Which is why you and I have to dig a little deeper into the fabric of this passage; beyond what it tells us to do to who it is calling us to be.  And see, when we dig deeper into Jubilee, when we journey to its heart and see that single strand that runs through it all, we come upon this timeless truth: all that we have, all that we have worked to acquire in our lives, all that we gain, really does not belong to us.  It all belongs to God.  All of it. And that is a tremendously powerful and extremely unsettling truth. 

I think about this truth every time I think about the theology of our pledge or the offering plates we pass in worship. I think about how we put our dollar bills or checks in there, or give online through our church website or ChurchLife app, and the fact that it’s not really a “giving to God” as much as a “giving backto God;” since all we have belongs to God anyway, and what we are doing in this highly spiritual act is returning a portion of what we have to its rightful owner.

And it’s not just our “stuff” that belongs to God. You know, it’s easy to feel good about ourselves, feel validated when we work hard in the fields – or in the office, or in the classroom.  But to stop doing that for a whole year, to stop doing the very thing that validates us – that is when we realize that webelong to God as well.  Despite what some in our culture try so desperately to convince us of, despite what we try to convince ourselves, we are not unto ourselves.  We belong to the God who validates us and calls us children even in our rest; even when the fields go untamed for a year.

So if this is the heart of jubilee – if it is, in fact, a complete redefining of who we are and whose we are – then what other crazy things might this commandment be commanding us to do? 

Back a few decades ago, two British evangelists named Martin Dent and Bill Peters put this commandment into practice as it related to the weighty (and sometimes contentious) issue of third-world debt. Billing themselves as “Jubilee Network,” they lobbied some of the larger nations of the world – including England, France and the United States – to forgive debts on monies loaned to third-world countries. 

The movement got quite a boost when Bono, lead singer for a little rock band named U2, joined the cause.  And not just as a celebrity face, but as a full-fledged Jubilee activist. In 2006, Bono spoke about his work with Jubilee at the National Prayer Breakfast in Washington DC, saying this:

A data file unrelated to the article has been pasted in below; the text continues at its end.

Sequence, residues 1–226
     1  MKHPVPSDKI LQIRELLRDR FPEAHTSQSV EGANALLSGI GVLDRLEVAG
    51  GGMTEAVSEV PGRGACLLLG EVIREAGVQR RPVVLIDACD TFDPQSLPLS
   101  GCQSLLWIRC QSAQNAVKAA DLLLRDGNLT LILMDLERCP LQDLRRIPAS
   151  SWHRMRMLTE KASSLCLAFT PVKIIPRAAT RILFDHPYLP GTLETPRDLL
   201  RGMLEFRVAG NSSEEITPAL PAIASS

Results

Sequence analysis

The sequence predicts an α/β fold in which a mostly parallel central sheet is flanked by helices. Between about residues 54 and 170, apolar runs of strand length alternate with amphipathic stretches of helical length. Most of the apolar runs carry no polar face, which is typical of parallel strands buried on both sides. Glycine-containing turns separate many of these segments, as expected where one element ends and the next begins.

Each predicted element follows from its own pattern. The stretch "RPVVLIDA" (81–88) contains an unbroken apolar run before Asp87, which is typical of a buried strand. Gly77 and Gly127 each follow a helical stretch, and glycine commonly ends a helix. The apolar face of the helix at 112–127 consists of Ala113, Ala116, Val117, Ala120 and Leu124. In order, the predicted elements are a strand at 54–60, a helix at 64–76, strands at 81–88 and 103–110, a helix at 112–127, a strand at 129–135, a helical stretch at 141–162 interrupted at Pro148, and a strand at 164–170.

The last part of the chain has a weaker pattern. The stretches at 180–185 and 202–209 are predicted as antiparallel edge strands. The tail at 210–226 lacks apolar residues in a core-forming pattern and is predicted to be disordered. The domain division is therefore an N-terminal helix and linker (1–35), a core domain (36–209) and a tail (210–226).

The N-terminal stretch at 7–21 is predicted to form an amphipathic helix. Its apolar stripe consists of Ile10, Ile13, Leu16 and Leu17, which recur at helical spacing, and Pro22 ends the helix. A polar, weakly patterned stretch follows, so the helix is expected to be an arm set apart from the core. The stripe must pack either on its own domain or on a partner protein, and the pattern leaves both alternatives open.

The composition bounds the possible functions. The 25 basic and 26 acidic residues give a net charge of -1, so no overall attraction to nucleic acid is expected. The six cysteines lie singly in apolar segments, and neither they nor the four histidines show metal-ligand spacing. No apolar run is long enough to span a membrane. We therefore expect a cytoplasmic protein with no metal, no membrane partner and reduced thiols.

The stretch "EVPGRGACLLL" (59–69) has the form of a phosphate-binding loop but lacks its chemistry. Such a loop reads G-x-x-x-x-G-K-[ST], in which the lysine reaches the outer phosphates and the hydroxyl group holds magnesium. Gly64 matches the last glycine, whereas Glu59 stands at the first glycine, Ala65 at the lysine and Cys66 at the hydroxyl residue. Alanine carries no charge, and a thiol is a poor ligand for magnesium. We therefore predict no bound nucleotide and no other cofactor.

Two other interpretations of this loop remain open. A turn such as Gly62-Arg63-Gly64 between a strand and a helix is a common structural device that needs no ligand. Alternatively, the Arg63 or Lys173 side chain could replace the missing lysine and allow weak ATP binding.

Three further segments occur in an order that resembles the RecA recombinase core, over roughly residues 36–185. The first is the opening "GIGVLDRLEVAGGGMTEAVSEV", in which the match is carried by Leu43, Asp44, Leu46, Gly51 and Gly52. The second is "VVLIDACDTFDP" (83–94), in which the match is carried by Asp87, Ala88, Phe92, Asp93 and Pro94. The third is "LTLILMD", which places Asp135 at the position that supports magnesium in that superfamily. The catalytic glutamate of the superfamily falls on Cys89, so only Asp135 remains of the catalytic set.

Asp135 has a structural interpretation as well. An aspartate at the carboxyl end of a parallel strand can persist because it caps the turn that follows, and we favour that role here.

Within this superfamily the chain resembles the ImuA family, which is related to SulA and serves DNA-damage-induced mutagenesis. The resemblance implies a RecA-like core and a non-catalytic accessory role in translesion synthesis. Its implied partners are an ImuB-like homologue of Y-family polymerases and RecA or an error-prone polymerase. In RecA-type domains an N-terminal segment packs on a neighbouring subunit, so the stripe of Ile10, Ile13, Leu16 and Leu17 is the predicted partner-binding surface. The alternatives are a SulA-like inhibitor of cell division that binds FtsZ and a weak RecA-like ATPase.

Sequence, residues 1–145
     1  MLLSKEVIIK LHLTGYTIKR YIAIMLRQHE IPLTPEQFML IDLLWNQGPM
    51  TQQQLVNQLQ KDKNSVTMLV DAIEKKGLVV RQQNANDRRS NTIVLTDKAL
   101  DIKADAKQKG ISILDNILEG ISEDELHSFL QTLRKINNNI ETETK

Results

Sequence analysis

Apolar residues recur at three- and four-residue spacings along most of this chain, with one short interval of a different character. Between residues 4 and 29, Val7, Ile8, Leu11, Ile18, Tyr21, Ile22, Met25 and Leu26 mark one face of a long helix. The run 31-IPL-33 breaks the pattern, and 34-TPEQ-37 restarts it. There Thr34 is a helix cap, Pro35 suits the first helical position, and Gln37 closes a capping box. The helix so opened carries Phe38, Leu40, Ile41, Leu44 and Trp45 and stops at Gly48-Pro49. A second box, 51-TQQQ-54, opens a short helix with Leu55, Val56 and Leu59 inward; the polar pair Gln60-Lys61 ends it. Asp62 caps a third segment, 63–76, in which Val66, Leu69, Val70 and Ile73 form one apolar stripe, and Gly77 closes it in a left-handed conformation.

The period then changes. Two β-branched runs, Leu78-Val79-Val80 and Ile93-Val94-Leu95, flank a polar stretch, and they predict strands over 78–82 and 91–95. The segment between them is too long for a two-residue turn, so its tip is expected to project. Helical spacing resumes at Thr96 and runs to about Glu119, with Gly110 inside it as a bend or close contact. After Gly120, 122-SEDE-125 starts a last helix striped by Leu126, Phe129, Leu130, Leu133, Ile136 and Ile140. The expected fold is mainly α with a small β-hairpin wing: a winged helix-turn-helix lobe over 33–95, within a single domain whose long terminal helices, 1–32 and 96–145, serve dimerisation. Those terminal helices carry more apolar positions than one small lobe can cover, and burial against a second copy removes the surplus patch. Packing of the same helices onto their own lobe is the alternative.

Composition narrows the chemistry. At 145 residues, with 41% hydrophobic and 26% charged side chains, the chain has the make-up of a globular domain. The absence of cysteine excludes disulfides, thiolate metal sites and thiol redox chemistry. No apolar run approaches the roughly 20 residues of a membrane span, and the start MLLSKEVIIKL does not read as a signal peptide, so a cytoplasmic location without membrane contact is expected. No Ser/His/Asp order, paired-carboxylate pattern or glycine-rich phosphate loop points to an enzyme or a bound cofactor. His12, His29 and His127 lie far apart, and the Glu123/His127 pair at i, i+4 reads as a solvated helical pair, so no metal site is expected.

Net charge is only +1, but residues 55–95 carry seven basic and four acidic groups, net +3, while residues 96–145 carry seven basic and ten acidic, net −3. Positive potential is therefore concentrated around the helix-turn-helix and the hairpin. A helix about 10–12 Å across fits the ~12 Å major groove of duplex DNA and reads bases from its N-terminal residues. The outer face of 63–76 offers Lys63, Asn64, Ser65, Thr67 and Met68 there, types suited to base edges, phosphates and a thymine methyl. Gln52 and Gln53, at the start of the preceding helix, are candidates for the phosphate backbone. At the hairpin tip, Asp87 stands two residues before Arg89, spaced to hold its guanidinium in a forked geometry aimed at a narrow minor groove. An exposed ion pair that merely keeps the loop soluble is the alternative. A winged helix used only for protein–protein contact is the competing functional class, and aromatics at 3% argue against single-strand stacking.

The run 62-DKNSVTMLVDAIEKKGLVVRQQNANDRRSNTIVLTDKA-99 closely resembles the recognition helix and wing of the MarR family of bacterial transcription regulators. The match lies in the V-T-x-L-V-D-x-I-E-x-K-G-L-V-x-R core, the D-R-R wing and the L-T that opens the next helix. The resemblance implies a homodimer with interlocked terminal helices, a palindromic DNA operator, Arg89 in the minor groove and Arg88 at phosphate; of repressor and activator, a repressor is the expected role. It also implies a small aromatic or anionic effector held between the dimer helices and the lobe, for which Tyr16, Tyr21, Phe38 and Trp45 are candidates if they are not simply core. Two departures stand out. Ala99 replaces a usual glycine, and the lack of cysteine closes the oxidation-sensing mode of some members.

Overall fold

It is such an important idea, Jubilee, that Jesus begins his ministry with it. Jesus is a young man, he’s met with the rabbis, he’s a clever guy; but he hasn’t done much yet.  When he does, his first words are from Isaiah: “The Spirit of the Lord is upon me, because He has anointed me to preach good news to the poor, release to the captives, setting the oppressed free – to proclaim the year of the Lord’s favor, the year of Jubilee.”  And he closed the scroll and said, “Today, this scripture has been fulfilled in your hearing.”

And listen to what Bono says next:

What Jesus was really talking about in this year of the Lord’s favor, this year of Jubilee, was an era of grace.  And we’re still in it. 

An era of grace.  Now that’s something we can sink our teeth into, isn’t it?  More than fields and crops, vineyards and grapes, lawns and lawnmowers.  Grace. Begun in the year of Jubilee, brought to completion through none other than Jesus himself.  Resting and letting go and starting over.  An era of grace.

How hard it is to live in this era of grace! How difficult to grant someone something they did not earn; something they very well may not deserve.  How challenging to not only turn our lives over to God in a holy period of rest, but to then share our lives with others, even though they have no claim over it, even though we don’t have claim over it ourselves.

How hard that kind of grace is.  But not as the one giving it.   No, the harder grace for you and for me is as the one receiving it.

And here’s why: you and I operate in a world where people work and not rest, where folks grab hold and not let go, where we continue down the dead-end road instead of turning around and starting over. We live in a world that is so caught up in rugged individualism and personal pride that we make it near impossible for grace to be a two-way street.  We love God and we love others.  The part we struggle with is letting God and others love us.

There’s this wonderful little story about an African tribe and what they do when a member of that community breaks tribal customs and rules.  That person is brought to the center of the village.  All work ceases and every man, woman and child gathers in a large mass around the accused, encircling them completely so they have no way of escape. They are trapped.

And you know what happens next?  The tribe bombards the rejected person with words of affirmation.  That wasn’t what you were expecting, was it?  One at a time, friends and family expound on all the good that person has done. Every incident, every experience is recounted with detail and accuracy.  All their positive attributes, their strengths and kindnesses.  Finally, the circle is broken, and a joyous celebration ensues, and the outcast is welcomed back.  And the village is made whole again. 

Now that, folks, is some jubilee grace!  For everyone. 

So here’s the deal: if you want to let your lawn or garden go rogue for a year, and risk the wrath of the homeowners association, have at it!  But how about doing something really biblical? Forgive debts.  Share your bounty with others who, like you, don’t own it. 

Give grace.  But most importantly, receive it. 

In the name of God the Creator, Redeemer and Sustainer, thanks be to God – and may all of God’s people say, AMEN!

 

* Because sermons are meant to be preached and are therefore prepared with the emphasis on verbal presentation, the written accounts occasionally stray from proper grammar and punctuation.

[1]Year of Living Biblically, pg. 63
[2]Year of Living Biblically, pg. 64